In light of the Second Circuit's articulated standard and its past application, this Court concludes that information provided in response to the Kirks' FOIA requests was "publicly disclosed" for purposes of section 3730(e)(4)(A). The information, while not "widely disseminated," was in the public domain. It was potentially accessible to anyone capable of submitting a FOIA request. And critically, for purposes of assessing whether the information was sufficiently publicly disclosed to trigger the statutory bar, it "would have been equally available to strangers to the fraudulent transaction had they chosen to look for it as it was to" the Kirks. Accord United States ex rel. Anti-Discrimination Ctr. of Metro N.Y. v. Weschester County, 495 F. Supp. 375, 380-81 (S.D.N.Y. 2007) (information obtained through state law FOIL request "is publicly disclosed information since it was as 'equally available' to others as it was to the Center, had others 'chosen to look for it'" (quoting Kreindler & Kreindler, 985 F.2d at 1158)).
The conclusion that the information provided in response to the Kirks' FOIA requests was "publicly disclosed" is bolstered by the fact that the very purpose of the FOIA is to ensure that agencies "make available to the public" certain categories of information. 5 U.S.C. § 552(a) (emphasis added); see also United States Dep't of Justice v. Reporters Comm. for Freedom of the Press, 489 U.S. 749, 774 (1989) (the "central purpose" of FOIA is to ensure that government records are "opened to the sharp eye of public scrutiny"). Accordingly, the U.S. Supreme Court has held that information obtained in response to a FOIA request was a "public disclosure" for purposes of the Consumer Product Safety Act, Consumer Prod. Safety Comm'n v. GTE Sylvania, Inc., 447 U.S. 102, 108-09 (1980). Finding that the DOL's response to the Kirks' requests publicly disclosed the information in question, therefore, is consistent not only with this Circuit's FCA precedent, but also with both the statutory language and the Supreme Court's understanding of the purpose behind the FOIA.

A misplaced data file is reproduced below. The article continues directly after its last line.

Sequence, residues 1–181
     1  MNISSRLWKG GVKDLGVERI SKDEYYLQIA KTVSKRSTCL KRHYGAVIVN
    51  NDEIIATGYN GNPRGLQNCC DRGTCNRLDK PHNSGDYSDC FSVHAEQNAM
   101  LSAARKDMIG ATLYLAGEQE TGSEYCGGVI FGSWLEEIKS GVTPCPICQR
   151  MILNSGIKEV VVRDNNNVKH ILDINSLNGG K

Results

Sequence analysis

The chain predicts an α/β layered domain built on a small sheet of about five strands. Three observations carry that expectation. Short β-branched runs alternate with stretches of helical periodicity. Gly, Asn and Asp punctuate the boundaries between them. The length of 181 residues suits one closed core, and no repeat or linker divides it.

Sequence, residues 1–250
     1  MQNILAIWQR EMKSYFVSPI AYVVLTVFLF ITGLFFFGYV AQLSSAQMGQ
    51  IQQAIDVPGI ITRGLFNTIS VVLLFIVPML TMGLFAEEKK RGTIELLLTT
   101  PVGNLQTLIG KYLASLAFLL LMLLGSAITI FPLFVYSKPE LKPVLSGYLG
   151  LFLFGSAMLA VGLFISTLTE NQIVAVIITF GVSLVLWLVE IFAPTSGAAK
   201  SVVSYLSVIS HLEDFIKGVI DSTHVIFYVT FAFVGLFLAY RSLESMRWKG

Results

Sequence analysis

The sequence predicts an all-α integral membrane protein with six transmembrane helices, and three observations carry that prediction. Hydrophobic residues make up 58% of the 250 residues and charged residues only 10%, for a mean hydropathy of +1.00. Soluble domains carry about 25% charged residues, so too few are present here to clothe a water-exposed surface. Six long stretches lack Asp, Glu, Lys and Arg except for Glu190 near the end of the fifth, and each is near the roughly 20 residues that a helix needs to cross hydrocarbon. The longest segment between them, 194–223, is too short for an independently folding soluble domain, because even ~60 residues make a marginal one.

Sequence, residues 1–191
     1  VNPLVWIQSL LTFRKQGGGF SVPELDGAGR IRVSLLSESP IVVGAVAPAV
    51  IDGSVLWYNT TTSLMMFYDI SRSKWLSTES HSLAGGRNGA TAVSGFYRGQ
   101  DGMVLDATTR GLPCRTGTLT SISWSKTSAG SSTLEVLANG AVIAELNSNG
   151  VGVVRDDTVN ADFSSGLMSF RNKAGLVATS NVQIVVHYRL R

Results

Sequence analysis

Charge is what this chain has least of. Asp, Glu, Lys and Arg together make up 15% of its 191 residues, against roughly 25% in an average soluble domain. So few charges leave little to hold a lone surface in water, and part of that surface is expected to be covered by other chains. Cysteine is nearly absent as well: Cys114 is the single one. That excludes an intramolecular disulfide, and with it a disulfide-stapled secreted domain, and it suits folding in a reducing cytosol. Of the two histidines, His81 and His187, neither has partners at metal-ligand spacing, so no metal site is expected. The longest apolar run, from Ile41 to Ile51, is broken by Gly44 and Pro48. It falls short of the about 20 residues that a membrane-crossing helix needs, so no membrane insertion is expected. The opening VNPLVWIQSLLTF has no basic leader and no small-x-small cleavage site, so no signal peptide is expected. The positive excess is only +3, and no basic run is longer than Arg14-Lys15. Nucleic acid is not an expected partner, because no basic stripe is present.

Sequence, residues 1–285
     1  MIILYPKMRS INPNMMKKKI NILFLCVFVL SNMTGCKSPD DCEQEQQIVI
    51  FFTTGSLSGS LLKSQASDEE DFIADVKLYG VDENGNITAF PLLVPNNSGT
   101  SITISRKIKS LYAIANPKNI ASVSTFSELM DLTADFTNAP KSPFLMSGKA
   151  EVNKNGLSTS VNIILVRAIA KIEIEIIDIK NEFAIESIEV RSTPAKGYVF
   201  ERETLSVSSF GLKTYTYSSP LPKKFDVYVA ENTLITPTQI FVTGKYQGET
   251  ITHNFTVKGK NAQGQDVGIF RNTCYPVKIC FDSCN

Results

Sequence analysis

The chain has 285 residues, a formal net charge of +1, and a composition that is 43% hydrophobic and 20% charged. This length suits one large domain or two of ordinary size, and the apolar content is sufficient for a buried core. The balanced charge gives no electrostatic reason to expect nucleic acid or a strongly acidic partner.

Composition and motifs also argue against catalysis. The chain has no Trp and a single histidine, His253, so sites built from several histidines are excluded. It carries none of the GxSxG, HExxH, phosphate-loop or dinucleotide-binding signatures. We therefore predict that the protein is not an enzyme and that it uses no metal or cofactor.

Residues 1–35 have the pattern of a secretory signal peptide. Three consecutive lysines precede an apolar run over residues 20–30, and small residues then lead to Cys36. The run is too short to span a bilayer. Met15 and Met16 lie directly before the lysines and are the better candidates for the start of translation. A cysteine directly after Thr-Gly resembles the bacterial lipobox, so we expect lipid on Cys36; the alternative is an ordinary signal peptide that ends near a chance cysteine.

For similar reasons, the overwhelming majority of courts to address the question have concluded that information obtained in response to a FOIA request constitutes a "public disclosure" for purposes of section 3730(e)(4)(A). See, e.g., Mistick, 186 F.3d at 383; Grynberg, 389 F.3d at 1049; Burns, 186 F.3d at 723. Indeed, the Court is aware of no circuit-level finding to the contrary.*fn14
One court in this district has concluded that information obtained through a FOIA request was not "publicly disclosed." See United States ex rel. Pentagon Techs. Int'l Ltd. v. CACI Int'l Inc., No. 94-Civ.-2925, 1996 WL 11299 (S.D.N.Y. Jan. 4, 1996). That court reasoned that information obtained through FOIA, unlike information obtained through civil discovery, was not in the public domain because it was not lodged with a court but merely disclosed to a private citizen. Id. at *9. This Court finds that reasoning unpersuasive. When the DOL responded to the Kirks' FOIA requests, it disclosed "to the public" the information sought. 5 U.S.C § 522(a). That only one person placed the FOIA requests rather than one thousand does not render the responses "private." It merely means the disclosures were not widespread. And as noted, the Second Circuit has clearly considered-and rejected-a "widespread" or "widely disseminated" public disclosure requirement, instead requiring, at most, the potential for more widespread accessibility. That requirement is satisfied on these facts because the information in question here was just as accessible to any member of the public as it was to the Kirks had others chosen to look for it. Accordingly, the information disclosed by the DOL to the Kirks pursuant to their FOIA requests was in the public domain, and therefore, was "publicly disclosed" for purposes of section 3730(e)(4)(A).